Maglev has high safety - both perceived and actual, based on foreign experience.

Maglev has convenience - due to high frequency of service and the ability to serve central business districts, airports, and other major metropolitan area nodes.

Maglev has improved comfort - with respect to air due to greater roominess, which allows separate dining and conference areas with freedom to move around. The absence of air turbulence ensures a consistently smooth ride.

Maglev Evolution

The concept of magnetically levitated trains was first identified at the turn of the century by two Americans, Robert Goddard and Emile Bachelet. By the 1930s, Germany's Hermann Kemper was developing a concept and demonstrating the use of magnetic fields to combine the advantages of trains and airplanes. In 1968, Americans James R. Powell and Gordon T. Danby were granted a patent on their design for a magnetic levitation train.

Under the High-Speed Ground Transportation Act of 1965, the FRA funded a wide range of research into all forms of HSGT through the early 1970s. In 1971, the FRA awarded contracts to the Ford Motor Company and the Stanford Research Institute for analytical and experimental development of EMS and EDS systems. FRA-sponsored research led to the development of the linear electrical motor, the motive power used by all current maglev prototypes. In 1975, after Federal funding for high-speed maglev research in the United States was suspended, industry virtually abandoned its interest in maglev; however, research in low-speed maglev continued in the United States until 1986.

Over the past two decades, research and development programs in maglev technology have been conducted by several countries including: Great Britain, Canada, Germany, and Japan. Germany and Japan have invested over $1 billion each to develop and demonstrate maglev technology for HSGT.

The German EMS maglev design, Transrapid (TR07), was certified for operation by the German Government in December 1991. A maglev line between Hamburg and Berlin is under consideration in Germany with private financing and potentially with additional support from individual states in northern Germany along the proposed route. The line would connect with the high-speed Intercity Express (ICE) train as well as conventional trains. The TR07 has been tested extensively in Emsland, Germany, and is the only high-speed maglev system in the world ready for revenue service. The TR07 is planned for implementation in Orlando, Florida.

The EDS concept under development in Japan uses a superconducting magnet system. A decision will be made in 1997 whether to use maglev for the new Chuo line between Tokyo and Osaka.

The National Maglev Initiative (NMI)

Since the termination of Federal support in 1975, there was little research into high-speed maglev technology in the United States until 1990 when the National Maglev Initiative (NMI) was established. The NMI is a cooperative effort of the FRA of the DOT, the USACE, and the DOE, with support from other agencies. The purpose of the NMI was to evaluate the potential for maglev to improve intercity transportation and to develop the information necessary for the Administration and the Congress to determine the appropriate role for the Federal Government in advancing this technology.

In fact, from its inception, the U.S. Government has aided and promoted innovative transportation for economic, political, and social development reasons. There are numerous examples. In the nineteenth century, the Federal Government encouraged railroad development to establish transcontinental links through such actions as the massive land grant to the Illinois Central-Mobile Ohio Railroads in 1850. Beginning in the 1920s, the Federal Government provided commercial stimulus to the new technology of aviation through contracts for airmail routes and funds that paid for emergency landing fields, route lighting, weather reporting, and communications. Later in the twentieth century, Federal funds were used to construct the Interstate Highway System and assist States and municipalities in the construction and operation of airports. In 1971, the Federal Government formed Amtrak to ensure rail passenger service for the United States.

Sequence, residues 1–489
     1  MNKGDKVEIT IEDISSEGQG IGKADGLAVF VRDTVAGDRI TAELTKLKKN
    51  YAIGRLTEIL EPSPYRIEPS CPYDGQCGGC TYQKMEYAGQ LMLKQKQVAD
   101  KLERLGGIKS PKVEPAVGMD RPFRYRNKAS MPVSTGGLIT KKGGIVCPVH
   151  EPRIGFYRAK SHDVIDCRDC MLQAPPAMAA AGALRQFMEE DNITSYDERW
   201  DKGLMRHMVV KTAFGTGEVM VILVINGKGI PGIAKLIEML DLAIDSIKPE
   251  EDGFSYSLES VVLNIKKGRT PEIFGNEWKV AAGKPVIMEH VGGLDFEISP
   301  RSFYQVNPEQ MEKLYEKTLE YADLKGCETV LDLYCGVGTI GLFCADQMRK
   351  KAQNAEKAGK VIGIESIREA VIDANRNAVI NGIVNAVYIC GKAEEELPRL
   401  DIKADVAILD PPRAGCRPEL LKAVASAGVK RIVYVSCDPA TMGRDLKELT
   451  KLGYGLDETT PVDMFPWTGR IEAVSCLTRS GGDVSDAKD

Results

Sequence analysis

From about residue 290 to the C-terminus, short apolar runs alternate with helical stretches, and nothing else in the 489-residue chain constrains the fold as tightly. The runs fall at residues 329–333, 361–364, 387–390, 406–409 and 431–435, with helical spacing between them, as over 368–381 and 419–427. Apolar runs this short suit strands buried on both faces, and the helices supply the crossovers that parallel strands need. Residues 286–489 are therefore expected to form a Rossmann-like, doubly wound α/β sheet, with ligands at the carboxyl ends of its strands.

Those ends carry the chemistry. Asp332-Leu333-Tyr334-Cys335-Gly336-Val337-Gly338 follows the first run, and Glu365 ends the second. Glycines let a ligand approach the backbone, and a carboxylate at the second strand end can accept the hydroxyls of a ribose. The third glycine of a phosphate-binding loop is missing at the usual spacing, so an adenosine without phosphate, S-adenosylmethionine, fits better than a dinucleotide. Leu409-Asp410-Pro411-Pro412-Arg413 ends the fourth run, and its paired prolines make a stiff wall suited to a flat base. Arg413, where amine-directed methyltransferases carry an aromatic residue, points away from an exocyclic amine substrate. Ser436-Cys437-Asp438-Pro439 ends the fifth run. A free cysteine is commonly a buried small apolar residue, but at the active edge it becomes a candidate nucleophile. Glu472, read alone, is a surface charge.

Assessment of Maglev Technology

In order to determine the technical feasibility of deploying maglev in the United States, the NMI Office performed a comprehensive assessment of the state-of-the-art of maglev technology.

Over the past two decades various ground transportation systems have been developed overseas, having operational speeds in excess of 150 mph (67 m/s), compared to 125 mph (56 m/s) for the U.S. Metroliner. Several steel-wheel-on-rail trains can maintain a speed of 167 to 186 mph (75 to 83 m/s), most notably the Japanese Series 300 Shinkansen, the German ICE, and the French TGV. The German Transrapid Maglev train has demonstrated a speed of 270 mph (121 m/s) on a test track, and the Japanese have operated a maglev test car at 321 mph (144 m/s). The following are descriptions of the French, German, and Japanese systems used for comparison to the U.S. Maglev (USML) SCD concepts.  

French Train a Grande Vitesse (TGV)

The French National Railway's TGV is representative of the current generation of high-speed, steel-wheel-on-rail trains. The TGV has been in service for 12 years on the Paris-Lyon (PSE) route and for 3 years on an initial portion of the Paris-Bordeaux (Atlantique) route. The Atlantique train consists of ten passenger cars with a power car at each end.  The power cars use synchronous rotary traction motors for propulsion. Roof mounted pantographs collect electric power from an overhead catenary. Cruise speed is 186 mph (83 m/s). The train is nontilting and, thus, requires a reasonably straight route alignment to sustain high speed. Although the operator controls the train speed, interlocks exist including automatic overspeed protection and enforced braking. Braking is by a combination of rheostat brakes and axle-mounted disc brakes. All axles possess antilock braking. Power axles have anti-slip control. The TGV track structure is that of a conventional standard-gauge railroad with a well-engineered base (compacted granular materials). The track consists of continuous-welded rail on concrete/steel ties with elastic fasteners. Its high-speed switch is a conventional swing-nose turnout. The TGV operates on pre-existing tracks, but at a substantially reduced speed. Because of its high speed, high power, and antiwheel slip control, the TGV can climb grades that are about twice as great as normal in U.S. railroad practice and, thus, can follow the gently rolling terrain of France without extensive and expensive viaducts and tunnels.